Despite a government ban and arrests of hundreds of activists, Pakistani opposition supporters rallied in a central city on Monday, calling on Prime Minister Imran Khan to resign for alleged poor governance and incompetence.
The rally in the city of Multan was held a day after police, on orders from the government, carried out the arrests and banned the gathering, defending the move as necessary to combat the coronavirus pandemic in Pakistan.
The government announced a ban on public rallies earlier this month as COVID-19 cases in the country surged. Since February, when the outbreak started, Pakistan has reported more than 398,000 cases and 8,025 deaths.
The rallies are a part of a campaign to remove Khan, whom the opposition parties have accused of being installed by the military in a rigged 2018 election.
Earlier in the day, police acknowledged arresting more than 370 people, while opposition groups put the number at about 1,800. Authorities in Multan also switched off the area’s mobile phone network.
On Sunday night, security forces placed shipping containers on major roads to block the path to a public park where the opposition planned to hold the protest. But opposition leaders defied authorities to march to the park anyway, setting off clashes that led to the mass arrests.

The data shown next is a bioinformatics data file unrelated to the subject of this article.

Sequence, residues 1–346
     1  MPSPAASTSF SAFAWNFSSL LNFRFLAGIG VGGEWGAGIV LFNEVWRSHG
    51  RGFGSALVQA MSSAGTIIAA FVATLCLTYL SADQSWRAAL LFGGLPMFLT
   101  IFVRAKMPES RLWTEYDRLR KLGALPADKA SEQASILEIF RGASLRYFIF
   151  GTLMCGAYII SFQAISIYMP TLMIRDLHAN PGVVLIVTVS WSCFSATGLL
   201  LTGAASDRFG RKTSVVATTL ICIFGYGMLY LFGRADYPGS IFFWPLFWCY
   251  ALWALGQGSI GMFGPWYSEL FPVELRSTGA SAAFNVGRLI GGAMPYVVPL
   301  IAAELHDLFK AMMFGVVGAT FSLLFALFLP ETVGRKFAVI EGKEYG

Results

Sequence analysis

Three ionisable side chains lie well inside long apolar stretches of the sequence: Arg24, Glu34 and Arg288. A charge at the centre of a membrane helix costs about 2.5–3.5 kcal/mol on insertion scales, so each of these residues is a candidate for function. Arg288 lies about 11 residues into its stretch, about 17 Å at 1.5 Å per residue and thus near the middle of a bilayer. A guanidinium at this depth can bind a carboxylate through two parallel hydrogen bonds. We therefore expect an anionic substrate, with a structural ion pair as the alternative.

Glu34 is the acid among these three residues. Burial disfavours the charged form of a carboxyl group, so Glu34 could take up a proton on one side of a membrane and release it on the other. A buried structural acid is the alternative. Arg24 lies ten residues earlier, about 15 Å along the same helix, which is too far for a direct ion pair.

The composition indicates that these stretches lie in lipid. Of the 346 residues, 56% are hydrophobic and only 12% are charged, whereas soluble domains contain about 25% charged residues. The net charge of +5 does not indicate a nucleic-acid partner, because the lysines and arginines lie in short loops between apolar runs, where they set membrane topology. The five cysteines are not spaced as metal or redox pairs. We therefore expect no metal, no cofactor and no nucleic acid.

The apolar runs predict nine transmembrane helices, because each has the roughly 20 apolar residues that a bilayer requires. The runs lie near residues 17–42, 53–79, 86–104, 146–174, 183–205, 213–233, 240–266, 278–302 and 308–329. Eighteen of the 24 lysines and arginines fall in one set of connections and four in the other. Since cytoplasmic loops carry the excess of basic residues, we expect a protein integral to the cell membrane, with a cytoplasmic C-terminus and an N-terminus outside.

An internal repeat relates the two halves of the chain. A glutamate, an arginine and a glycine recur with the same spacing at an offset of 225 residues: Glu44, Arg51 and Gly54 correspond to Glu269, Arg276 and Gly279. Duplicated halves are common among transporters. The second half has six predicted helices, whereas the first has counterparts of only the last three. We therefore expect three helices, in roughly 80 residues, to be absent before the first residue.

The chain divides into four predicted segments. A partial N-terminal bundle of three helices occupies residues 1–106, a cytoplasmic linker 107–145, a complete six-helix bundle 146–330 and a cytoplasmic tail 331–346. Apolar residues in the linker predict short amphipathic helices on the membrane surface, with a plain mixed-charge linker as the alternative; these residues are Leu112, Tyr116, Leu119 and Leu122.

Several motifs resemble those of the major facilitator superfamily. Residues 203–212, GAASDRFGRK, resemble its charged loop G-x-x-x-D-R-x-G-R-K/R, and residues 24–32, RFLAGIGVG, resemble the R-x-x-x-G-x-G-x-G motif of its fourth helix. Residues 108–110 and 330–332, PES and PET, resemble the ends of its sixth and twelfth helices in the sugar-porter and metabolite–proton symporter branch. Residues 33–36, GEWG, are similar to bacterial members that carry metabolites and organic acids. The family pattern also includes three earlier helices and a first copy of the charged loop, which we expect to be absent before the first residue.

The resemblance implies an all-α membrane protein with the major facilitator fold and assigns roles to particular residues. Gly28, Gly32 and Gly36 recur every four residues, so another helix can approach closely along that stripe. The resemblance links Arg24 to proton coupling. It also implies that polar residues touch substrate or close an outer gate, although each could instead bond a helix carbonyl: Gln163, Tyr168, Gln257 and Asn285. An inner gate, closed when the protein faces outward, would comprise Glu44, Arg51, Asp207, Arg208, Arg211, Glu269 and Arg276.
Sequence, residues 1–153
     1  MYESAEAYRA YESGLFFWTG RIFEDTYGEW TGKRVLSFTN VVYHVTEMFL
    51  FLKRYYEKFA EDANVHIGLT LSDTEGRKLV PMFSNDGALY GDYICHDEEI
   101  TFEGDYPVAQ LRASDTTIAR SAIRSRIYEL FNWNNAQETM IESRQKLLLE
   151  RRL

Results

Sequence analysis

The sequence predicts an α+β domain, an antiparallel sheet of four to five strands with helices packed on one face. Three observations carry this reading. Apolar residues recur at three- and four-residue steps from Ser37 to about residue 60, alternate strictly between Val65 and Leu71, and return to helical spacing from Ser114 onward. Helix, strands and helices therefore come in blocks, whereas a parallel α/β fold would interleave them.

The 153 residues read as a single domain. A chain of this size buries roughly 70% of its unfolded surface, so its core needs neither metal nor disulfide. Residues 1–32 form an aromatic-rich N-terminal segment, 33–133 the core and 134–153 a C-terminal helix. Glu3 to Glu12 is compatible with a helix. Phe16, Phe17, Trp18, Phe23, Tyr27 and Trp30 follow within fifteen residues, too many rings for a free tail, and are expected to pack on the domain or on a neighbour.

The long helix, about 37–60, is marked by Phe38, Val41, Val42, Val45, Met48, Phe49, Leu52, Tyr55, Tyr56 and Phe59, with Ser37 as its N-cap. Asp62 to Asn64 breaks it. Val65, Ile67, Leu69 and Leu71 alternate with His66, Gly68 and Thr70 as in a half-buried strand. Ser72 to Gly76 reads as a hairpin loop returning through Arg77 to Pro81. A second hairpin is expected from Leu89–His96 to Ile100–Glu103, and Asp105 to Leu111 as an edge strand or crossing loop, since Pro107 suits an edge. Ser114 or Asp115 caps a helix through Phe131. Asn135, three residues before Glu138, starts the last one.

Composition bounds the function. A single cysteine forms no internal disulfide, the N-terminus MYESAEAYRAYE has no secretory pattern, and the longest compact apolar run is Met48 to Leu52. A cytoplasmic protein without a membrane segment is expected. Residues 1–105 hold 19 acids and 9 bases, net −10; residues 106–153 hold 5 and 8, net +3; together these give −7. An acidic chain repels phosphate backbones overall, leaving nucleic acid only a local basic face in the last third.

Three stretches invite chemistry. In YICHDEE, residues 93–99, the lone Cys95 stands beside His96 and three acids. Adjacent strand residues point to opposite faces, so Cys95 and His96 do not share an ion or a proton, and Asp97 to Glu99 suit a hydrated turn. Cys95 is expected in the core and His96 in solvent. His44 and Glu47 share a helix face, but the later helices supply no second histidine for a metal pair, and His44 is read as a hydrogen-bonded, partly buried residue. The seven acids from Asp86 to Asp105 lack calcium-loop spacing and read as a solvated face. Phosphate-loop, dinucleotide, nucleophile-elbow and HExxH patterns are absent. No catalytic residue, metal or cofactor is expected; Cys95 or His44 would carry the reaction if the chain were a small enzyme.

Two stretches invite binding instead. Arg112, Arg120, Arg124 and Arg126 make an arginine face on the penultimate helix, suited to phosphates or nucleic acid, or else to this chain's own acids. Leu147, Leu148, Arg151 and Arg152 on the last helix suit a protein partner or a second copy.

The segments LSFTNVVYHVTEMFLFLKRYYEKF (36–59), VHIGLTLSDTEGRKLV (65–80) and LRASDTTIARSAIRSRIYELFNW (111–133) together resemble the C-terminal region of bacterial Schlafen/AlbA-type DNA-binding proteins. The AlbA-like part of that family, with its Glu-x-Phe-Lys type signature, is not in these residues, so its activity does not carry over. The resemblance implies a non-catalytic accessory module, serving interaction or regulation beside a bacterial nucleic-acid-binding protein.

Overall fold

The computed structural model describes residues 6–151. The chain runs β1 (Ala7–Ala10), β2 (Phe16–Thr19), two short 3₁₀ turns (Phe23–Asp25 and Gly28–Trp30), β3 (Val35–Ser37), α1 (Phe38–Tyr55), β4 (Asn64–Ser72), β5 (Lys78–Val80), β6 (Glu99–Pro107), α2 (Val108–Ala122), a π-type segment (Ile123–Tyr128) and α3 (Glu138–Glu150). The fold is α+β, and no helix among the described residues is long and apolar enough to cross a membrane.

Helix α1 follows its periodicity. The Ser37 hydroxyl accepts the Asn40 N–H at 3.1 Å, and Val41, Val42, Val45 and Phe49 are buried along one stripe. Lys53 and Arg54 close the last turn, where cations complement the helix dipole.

Among those arrested was Ali Musa Gillani, son of former prime minister Yousaf Raza Gilani.
Government-opposition tensions escalate
Before the rally, government spokeswoman Firdous Ashiq Awan accused the opposition of “doing politics at the cost of people’s lives”.
Maryam Nawaz, daughter of former prime minister Nawaz Sharif, who lives in exile in London despite being sought on corruption charges by a Pakistani court, attended the rally.
Earlier in the day, she told reporters she was not afraid of arrest and the rally would take place at all costs.
“There is no doubt that this government will no more be in power in the coming days, God willing, and I have no doubt about it,” she said.
Her father Nawaz has specifically accused army chief General Qamar Javed Bajwa of rigging the 2018 polls and orchestrating his removal in 2017.
Sharif has resided in London since leaving Pakistan on medical bail as he continues to appeal corruption convictions.
Pakistan’s military has governed the country – directly or indirectly – for most of its history. Successive attempts at protracted democracy have been interrupted by military coups, the last one in 1999.
Pakistanis went to the polls in 2008 and elected their first civilian government in 12 years. There have been three consecutive elections since.